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Vietnam second in April Nikkei ASEAN PMI

Released at: 13:44, 03/05/2019

Vietnam second in April Nikkei ASEAN PMI

Photo: Duc Thanh

Vietnamese and other ASEAN manufacturers see another marginal improvement in operating conditions in April.

by Minh Do

Vietnamese and other ASEAN manufacturers saw another marginal improvement in operating conditions in April, according to the latest Nikkei ASEAN Manufacturing Purchasing Managers’ Index (PMI™).

The PMI rose from 50.3 in March to 50.4 in April, which, despite signaling only a slight uplift in operating conditions, was the highest reading for five months and broadly in line with the series average.

Five of the seven monitored countries saw business conditions strengthen in April, with three of these recording quicker growth than in March. Myanmar continued to head the rankings, registering the joint-sharpest rise in production for a year. Vietnam also saw a quicker improvement to business conditions, placing it second.

Goods producers across the ASEAN region recorded faster output growth at the start of the second quarter. This was precipitated by a quicker, albeit still marginal, rise in new orders that was supported by the first increase in export sales since last July.

As such, companies continued to raise employment in April, recording the quickest rate of job creation seen so far this year. However, input buying failed to increase, leading to another fall in stock levels.

Thailand climbed to third in the regional rankings as growth accelerated, while Indonesia and the Philippines both saw weaker rates of improvement. Overall, all three countries recorded only marginal uplifts to business conditions.

“The ASEAN PMI notched up fractionally at the start of the second quarter, indicating another subdued expansion in the manufacturing sector,” said Mr. David Owen, Economist at IHS Markit, which compiles the PMI. “While output grew at a quicker rate, the rise was still weaker than those seen at the end of last year. Moreover, the increase was centered on Myanmar and Thailand, with all other countries seeing either softer growth or an overall decline.”

“That said, demand-side factors seemed to improve in April, most notably in foreign markets. New export orders rose for the first time since last July, albeit at only a fractional pace. This supported the quickest increase in total new orders for seven months, lending some optimism to manufacturers that have been noticeably affected by the ongoing trade war.”

“With discussions continuing between the US and China, firms will be hopeful that these will lead to reduced pressure from tariffs. Either way, markets in the region appear to be opening up at the start of the second quarter, which could hopefully fuel stronger growth in the months to come.”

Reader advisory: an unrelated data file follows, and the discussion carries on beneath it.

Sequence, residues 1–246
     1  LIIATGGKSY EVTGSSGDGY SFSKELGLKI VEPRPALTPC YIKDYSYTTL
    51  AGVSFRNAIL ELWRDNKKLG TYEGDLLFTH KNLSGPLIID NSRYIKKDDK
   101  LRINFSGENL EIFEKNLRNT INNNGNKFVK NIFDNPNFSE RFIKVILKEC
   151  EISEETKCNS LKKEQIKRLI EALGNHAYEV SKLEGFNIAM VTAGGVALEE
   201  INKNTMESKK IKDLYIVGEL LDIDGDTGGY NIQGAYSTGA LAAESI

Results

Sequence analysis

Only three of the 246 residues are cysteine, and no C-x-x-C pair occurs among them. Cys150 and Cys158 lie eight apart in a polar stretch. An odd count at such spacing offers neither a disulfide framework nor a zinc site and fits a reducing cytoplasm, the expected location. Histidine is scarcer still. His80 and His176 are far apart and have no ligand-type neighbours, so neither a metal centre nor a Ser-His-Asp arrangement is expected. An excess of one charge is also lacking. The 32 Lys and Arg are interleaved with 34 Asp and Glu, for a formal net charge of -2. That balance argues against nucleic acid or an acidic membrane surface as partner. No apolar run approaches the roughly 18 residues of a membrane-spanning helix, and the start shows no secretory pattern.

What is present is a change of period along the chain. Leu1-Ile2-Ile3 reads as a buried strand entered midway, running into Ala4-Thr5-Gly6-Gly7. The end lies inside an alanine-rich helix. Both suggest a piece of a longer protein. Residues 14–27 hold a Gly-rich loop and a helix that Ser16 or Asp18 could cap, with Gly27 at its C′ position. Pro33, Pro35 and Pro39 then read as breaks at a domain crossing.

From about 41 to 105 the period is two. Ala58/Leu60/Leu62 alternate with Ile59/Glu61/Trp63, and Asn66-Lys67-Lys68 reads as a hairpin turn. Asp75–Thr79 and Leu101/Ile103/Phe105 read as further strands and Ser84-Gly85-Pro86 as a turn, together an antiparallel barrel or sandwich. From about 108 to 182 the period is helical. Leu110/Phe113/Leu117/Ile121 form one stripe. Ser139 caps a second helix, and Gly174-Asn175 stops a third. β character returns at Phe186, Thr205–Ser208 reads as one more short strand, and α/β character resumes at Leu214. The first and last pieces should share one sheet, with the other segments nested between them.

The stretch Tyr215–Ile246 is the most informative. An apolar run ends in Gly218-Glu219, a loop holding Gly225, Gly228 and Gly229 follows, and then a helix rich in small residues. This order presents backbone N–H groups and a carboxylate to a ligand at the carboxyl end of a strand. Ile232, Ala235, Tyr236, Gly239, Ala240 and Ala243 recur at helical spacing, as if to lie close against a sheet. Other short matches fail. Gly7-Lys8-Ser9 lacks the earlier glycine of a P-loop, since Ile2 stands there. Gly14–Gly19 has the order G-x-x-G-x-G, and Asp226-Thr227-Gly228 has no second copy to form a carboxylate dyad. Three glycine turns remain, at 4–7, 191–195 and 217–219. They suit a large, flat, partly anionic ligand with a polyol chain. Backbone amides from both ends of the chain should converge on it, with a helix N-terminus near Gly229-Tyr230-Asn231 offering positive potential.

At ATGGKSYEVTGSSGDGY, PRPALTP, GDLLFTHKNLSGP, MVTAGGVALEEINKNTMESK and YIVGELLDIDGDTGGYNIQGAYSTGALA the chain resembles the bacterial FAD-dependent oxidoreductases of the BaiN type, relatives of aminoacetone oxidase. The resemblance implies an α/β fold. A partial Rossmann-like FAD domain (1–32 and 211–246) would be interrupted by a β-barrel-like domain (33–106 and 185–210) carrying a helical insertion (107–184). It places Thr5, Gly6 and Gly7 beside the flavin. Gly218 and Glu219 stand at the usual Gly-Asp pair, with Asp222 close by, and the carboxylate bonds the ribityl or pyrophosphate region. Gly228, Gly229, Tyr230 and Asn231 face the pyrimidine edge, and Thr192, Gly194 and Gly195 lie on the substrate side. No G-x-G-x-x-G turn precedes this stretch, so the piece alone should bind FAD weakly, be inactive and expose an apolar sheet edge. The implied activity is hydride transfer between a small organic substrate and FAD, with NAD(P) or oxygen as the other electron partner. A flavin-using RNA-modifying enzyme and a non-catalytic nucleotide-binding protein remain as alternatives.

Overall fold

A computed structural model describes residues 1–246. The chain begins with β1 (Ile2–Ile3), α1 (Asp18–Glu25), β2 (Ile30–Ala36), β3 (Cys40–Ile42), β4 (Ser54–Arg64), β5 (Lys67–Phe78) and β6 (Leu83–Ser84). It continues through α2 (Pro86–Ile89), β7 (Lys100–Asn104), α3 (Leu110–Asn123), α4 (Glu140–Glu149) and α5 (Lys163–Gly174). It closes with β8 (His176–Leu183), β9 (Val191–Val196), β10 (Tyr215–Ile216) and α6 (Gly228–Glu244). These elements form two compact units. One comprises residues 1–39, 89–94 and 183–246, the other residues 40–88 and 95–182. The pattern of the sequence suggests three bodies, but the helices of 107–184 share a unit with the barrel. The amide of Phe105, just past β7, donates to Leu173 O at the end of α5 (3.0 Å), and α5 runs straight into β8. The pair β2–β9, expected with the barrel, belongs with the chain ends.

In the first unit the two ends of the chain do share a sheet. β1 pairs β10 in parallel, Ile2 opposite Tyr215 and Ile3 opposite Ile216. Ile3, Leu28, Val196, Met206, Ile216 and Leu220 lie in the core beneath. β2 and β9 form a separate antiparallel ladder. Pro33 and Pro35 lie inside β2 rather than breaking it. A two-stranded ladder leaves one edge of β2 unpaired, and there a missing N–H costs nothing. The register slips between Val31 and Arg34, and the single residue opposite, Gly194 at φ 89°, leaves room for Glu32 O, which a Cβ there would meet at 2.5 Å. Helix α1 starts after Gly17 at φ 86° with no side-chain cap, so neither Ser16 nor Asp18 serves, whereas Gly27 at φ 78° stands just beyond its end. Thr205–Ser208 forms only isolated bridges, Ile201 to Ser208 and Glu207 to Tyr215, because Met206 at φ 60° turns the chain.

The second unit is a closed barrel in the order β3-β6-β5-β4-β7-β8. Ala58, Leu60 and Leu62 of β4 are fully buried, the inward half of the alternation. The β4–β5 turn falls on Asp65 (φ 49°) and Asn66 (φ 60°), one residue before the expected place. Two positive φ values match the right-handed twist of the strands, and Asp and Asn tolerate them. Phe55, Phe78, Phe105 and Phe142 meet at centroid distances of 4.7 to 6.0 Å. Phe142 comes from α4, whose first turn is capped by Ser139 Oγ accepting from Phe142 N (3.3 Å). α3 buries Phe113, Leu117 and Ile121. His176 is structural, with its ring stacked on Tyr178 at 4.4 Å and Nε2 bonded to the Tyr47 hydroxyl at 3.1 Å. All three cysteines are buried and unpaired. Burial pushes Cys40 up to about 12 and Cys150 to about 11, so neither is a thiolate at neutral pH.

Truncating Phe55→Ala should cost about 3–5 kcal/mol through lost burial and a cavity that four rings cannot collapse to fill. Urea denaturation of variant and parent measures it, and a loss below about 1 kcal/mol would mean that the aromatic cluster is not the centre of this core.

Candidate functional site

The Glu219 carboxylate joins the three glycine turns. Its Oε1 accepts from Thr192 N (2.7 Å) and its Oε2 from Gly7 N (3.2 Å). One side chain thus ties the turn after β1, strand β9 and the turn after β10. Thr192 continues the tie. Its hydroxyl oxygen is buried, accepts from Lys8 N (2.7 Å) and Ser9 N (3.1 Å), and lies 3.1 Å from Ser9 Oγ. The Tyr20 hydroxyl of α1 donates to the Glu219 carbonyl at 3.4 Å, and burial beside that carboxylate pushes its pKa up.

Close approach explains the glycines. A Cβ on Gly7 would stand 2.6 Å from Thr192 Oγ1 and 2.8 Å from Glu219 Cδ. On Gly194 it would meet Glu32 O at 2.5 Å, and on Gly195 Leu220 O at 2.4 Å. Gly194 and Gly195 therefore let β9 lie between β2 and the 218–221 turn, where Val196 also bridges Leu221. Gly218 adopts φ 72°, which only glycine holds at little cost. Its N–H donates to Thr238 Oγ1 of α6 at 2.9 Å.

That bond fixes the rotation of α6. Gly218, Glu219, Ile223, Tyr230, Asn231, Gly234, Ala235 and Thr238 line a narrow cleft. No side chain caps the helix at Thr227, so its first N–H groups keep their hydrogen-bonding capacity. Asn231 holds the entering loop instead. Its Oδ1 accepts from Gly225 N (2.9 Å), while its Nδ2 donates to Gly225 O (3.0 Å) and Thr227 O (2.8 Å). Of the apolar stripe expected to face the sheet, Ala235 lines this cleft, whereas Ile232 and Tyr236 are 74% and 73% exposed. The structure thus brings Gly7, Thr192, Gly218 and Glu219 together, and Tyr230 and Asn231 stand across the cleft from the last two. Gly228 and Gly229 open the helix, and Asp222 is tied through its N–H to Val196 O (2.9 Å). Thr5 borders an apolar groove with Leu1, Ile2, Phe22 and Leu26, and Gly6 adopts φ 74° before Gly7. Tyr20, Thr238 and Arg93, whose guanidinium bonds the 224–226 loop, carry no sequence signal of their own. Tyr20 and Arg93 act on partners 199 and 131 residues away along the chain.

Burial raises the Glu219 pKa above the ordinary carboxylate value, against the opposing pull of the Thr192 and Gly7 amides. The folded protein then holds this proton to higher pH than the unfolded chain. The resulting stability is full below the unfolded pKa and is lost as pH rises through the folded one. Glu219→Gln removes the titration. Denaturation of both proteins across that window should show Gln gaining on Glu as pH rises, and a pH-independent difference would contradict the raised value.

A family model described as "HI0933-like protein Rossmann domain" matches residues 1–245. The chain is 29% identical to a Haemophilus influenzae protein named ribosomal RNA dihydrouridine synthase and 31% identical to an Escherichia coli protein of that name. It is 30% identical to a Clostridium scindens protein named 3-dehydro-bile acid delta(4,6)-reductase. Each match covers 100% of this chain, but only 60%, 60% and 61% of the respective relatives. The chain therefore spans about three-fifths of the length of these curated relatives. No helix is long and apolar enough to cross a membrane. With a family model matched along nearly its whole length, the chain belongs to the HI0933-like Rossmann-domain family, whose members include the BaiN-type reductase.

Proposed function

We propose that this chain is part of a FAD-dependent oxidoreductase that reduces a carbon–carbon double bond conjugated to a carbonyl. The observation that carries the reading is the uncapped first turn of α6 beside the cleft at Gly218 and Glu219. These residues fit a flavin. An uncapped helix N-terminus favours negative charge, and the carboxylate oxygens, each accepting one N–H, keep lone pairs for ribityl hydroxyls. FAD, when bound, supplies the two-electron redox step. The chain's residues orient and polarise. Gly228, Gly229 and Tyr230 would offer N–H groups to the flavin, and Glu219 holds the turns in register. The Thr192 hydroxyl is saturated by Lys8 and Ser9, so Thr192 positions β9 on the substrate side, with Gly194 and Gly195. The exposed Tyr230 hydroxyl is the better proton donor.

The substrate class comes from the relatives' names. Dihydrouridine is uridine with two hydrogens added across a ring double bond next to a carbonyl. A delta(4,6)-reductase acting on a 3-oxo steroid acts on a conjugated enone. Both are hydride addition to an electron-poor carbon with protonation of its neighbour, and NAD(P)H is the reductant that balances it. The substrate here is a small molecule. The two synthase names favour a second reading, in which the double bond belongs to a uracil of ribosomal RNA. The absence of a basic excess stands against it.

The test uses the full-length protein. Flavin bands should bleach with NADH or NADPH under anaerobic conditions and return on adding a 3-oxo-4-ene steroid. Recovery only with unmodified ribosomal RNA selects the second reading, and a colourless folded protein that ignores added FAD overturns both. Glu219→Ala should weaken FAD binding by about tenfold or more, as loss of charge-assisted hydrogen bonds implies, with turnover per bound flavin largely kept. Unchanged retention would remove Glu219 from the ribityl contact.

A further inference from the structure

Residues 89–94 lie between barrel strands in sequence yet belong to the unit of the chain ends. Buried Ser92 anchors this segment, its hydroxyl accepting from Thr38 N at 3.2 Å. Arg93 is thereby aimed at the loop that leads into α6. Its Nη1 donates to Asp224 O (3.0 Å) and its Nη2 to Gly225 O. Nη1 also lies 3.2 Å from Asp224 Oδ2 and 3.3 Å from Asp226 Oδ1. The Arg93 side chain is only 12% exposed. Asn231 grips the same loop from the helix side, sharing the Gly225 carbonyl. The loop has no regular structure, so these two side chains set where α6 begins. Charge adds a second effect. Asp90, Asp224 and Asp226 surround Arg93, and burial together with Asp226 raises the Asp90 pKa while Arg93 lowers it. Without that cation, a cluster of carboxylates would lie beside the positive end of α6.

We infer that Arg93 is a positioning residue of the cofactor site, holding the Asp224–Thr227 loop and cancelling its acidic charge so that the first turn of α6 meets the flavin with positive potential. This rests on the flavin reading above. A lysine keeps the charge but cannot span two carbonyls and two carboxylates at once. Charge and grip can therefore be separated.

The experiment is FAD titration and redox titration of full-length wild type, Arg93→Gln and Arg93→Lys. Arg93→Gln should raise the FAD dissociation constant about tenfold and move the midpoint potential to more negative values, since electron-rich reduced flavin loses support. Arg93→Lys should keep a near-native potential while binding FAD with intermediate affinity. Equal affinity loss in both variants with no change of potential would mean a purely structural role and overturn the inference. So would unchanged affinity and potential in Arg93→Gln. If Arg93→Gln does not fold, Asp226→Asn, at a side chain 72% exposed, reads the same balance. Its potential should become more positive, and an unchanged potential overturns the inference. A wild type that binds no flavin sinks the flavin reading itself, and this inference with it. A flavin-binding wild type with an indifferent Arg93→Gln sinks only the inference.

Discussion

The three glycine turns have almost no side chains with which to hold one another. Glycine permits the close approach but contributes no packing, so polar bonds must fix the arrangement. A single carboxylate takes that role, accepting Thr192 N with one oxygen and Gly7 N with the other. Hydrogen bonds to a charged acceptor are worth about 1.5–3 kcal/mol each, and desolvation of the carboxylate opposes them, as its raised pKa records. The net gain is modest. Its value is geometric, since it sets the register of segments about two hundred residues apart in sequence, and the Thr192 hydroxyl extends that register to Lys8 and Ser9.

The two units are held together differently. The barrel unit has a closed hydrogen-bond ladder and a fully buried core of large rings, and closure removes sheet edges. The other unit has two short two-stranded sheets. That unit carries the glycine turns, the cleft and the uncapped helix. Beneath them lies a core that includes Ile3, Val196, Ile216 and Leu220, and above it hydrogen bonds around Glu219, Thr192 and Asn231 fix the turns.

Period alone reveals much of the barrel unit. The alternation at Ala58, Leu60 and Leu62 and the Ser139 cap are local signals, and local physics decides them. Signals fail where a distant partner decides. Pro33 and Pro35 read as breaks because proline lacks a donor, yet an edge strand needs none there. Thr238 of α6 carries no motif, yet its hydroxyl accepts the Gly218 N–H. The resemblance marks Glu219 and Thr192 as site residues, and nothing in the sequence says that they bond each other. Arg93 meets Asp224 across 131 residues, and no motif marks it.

Malaysia and Singapore remained at the bottom of the table, with their headline PMIs signaling further deteriorations in the health of their manufacturing sectors. However, the rate of decline in Malaysia was notably softer than that seen in March.

Output growth at ASEAN manufacturers ticked up to a four-month high in April. This was mostly linked to a quicker rise in new orders, which increased only fractionally during March. Notably, companies saw the first improvement in new export sales for nine months, albeit only slight.

Despite this, buying activity was subdued, as manufacturers reported little change to input purchases. While five of the monitored countries raised purchasing in line with higher output, three of these reported a slower increase than in March.

Meanwhile, stocks of both pre- and post-production goods continued to decline as firms made greater use of current inventories. This did help to shorten suppliers’ delivery times, with vendor performance improving at the quickest rate in two and a half years.

On another positive note, employment expanded for the third successive month during April. Vietnam recorded the sharpest increase in payrolls, following back-to-back decreases. Concurrently, ASEAN manufacturers were able to work through backlogs of work at a modest pace.

Input prices saw a moderate rise, although the rate of inflation was still cooler than seen on average. Panelists that reported higher costs related this to increased steel and oil prices, while some noted that raw materials shortages had placed upward pressure on costs. Nonetheless, output prices rose at the slowest rate in nearly three years.

Looking ahead, business confidence regarding future output remained positive and lifted slightly from March. The Philippines continued to record the highest level of positive sentiment, while the weakest degree of optimism was seen in Myanmar.

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